A Washington state doctor’s medical license is suspended for allegedly sending sexually explicit and personal text messages from the operating room.
Dr. Aurthur Zilberstein, 48, an anesthesiologist, is said to have jeopardized the safety of at least 23 patients by engaging in sexually explicit text conversations while the patients under his care were undergoing surgery.
The doctor allegedly committed additional unprofessional conduct by arranging sexual encounters with a female patient, sending her color “selfies” depicting his genitals, and prescribing unauthorized narcotics to several patients.
According to a June 3 Statement of Charges filed by the Medical Quality Assurance Commission, Zilberstein “frequently exchanged personal and often sexually explicit text messages while on duty from at least April through August 2013.”
The complaint, which details examples of Zilberstein’s alleged on-duty activities, says the anesthesiologist was “sexting” during surgical procedures at Swedish Medical Center in Seattle ranging from caesarian sections, to spinal procedures, to cardiac surgery.
Teresa Landreau, Attorney for the Washington state Medical Commission, said reports concerning the doctor’s behavior were reported by two different complainants, both of whom are confidential.
During a child’s appendix removal surgery on June 26, 2013, Zilberstein allegedly “exchanged two text messages with explicit sexual references.”
During a patient’s July 24, 2013 surgery, Zilberstein allegedly texted his girlfriend “a description of his immediate sexual desire for her,” followed by 15 additional text messages to arrange a covert encounter with her at the hospital.
The doctor exchanged 45 text messages containing sexual innuendo during another patient’s August 6, 2013 surgery for laparoscopic fundoplasty esophagogastric repair, according to the Statement of Charges.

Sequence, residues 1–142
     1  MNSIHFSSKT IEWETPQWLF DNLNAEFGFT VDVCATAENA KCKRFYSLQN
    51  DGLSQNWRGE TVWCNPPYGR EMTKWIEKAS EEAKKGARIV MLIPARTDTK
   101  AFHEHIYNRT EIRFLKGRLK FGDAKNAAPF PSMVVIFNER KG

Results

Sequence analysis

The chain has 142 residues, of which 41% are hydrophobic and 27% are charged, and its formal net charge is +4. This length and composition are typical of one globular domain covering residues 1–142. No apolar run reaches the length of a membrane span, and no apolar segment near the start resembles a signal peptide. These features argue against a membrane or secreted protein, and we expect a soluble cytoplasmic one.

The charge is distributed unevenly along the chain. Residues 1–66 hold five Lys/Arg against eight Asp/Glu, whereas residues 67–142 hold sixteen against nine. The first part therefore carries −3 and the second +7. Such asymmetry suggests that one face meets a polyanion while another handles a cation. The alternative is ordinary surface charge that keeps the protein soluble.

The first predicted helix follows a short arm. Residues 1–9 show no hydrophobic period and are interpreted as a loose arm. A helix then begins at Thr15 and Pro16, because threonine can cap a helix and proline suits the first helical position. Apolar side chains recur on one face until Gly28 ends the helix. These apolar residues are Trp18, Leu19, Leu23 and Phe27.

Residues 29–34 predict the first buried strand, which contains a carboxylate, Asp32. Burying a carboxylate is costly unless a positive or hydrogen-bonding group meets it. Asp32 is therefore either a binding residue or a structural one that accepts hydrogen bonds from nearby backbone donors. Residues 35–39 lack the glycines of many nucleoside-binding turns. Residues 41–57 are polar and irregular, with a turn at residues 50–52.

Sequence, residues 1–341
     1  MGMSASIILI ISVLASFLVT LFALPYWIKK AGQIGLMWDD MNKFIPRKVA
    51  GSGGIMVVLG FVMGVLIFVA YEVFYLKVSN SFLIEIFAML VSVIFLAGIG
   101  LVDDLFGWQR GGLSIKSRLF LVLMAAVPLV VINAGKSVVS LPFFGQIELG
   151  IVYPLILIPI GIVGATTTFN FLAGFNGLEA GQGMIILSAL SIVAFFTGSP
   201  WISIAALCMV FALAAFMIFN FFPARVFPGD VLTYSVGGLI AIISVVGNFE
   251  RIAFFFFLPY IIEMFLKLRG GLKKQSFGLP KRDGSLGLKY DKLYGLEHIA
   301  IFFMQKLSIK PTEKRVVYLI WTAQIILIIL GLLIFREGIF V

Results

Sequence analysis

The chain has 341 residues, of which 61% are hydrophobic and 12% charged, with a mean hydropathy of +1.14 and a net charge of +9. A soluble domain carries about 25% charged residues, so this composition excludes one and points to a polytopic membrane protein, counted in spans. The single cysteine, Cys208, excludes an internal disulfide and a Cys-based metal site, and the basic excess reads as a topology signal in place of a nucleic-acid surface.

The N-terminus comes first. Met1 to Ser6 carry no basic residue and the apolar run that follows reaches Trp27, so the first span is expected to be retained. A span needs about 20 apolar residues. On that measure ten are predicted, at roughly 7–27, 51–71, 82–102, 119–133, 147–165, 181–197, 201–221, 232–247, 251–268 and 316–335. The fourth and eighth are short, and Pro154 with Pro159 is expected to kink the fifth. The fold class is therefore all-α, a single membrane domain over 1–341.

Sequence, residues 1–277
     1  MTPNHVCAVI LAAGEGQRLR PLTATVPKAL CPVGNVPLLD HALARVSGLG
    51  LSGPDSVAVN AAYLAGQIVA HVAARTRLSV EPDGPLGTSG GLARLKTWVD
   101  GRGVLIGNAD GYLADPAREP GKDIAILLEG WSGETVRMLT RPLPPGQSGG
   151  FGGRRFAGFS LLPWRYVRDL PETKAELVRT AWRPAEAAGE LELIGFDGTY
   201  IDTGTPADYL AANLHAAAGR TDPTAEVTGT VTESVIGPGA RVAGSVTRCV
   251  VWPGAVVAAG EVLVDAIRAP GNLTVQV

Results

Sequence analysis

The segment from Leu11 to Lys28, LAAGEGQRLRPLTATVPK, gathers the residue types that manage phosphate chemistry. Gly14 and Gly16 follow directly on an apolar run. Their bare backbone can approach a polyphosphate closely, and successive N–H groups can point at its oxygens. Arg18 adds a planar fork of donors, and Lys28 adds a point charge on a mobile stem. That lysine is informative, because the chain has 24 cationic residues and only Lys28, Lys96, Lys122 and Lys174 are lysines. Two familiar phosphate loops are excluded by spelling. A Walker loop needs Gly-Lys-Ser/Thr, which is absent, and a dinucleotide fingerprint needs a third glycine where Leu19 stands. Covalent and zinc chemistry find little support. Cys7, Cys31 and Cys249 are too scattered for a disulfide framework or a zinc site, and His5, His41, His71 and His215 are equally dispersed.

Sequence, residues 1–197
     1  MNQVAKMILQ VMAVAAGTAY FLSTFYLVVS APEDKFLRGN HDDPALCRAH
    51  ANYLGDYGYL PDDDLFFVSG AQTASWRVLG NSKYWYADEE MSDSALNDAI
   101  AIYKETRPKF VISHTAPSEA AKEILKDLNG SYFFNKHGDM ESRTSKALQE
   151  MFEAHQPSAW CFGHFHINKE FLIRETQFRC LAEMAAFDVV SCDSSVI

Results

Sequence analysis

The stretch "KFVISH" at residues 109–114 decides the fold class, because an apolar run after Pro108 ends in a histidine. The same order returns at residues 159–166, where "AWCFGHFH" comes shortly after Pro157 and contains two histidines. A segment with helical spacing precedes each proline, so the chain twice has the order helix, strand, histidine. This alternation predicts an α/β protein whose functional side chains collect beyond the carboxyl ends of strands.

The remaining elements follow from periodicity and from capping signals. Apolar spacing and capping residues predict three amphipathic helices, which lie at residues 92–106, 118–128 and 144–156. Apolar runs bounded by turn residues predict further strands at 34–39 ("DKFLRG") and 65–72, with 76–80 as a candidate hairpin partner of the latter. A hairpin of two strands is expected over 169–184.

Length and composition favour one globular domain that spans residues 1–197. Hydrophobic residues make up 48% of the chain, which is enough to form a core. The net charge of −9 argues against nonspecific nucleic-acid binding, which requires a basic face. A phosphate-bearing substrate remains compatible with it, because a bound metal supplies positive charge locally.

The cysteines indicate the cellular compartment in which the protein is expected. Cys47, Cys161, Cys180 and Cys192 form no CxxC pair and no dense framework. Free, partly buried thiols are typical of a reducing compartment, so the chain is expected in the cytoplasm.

Dr. Bill Manion, a medical examiner and forensic pathologist in Philadelphia, said the procedure involves “bringing a piece of the tissue around the esophagus and stomach to try and anchor the esophagus.”
In total, Washington state’s health department references 241 text exchanges in which Zilberstein participated during, or within minutes of, surgical procedures for which he was the responsible anesthesiologist.
The Statement says in prescribing a patient 2,250 oxycodone hydrochloride tablets between September 13, 2011 and September 11, 2013, Zilberstein relied upon the patient to determine dosage, quantity and frequency.
The complaint further states that the doctor prescribed Schedule II, III and IV controlled substances to seven different patients despite that the particular drugs were not within the scope of his medical practice.
Zilberstein has 20 days to respond to the charges.
Landreau said at this time none of the patients who were undergoing surgery at the time of Zilberstein’s alleged texts have been notified of their connection to the charges.
“We have no indication of patient harm connected to it, as to the sexting,” Landreau said.
If charges are proven after a full hearing on the matter, sanctions could range from practice restrictions, or license suspension, to license termination.
Calls to Zilberstein’s offices requesting a response were not returned before publication of this article.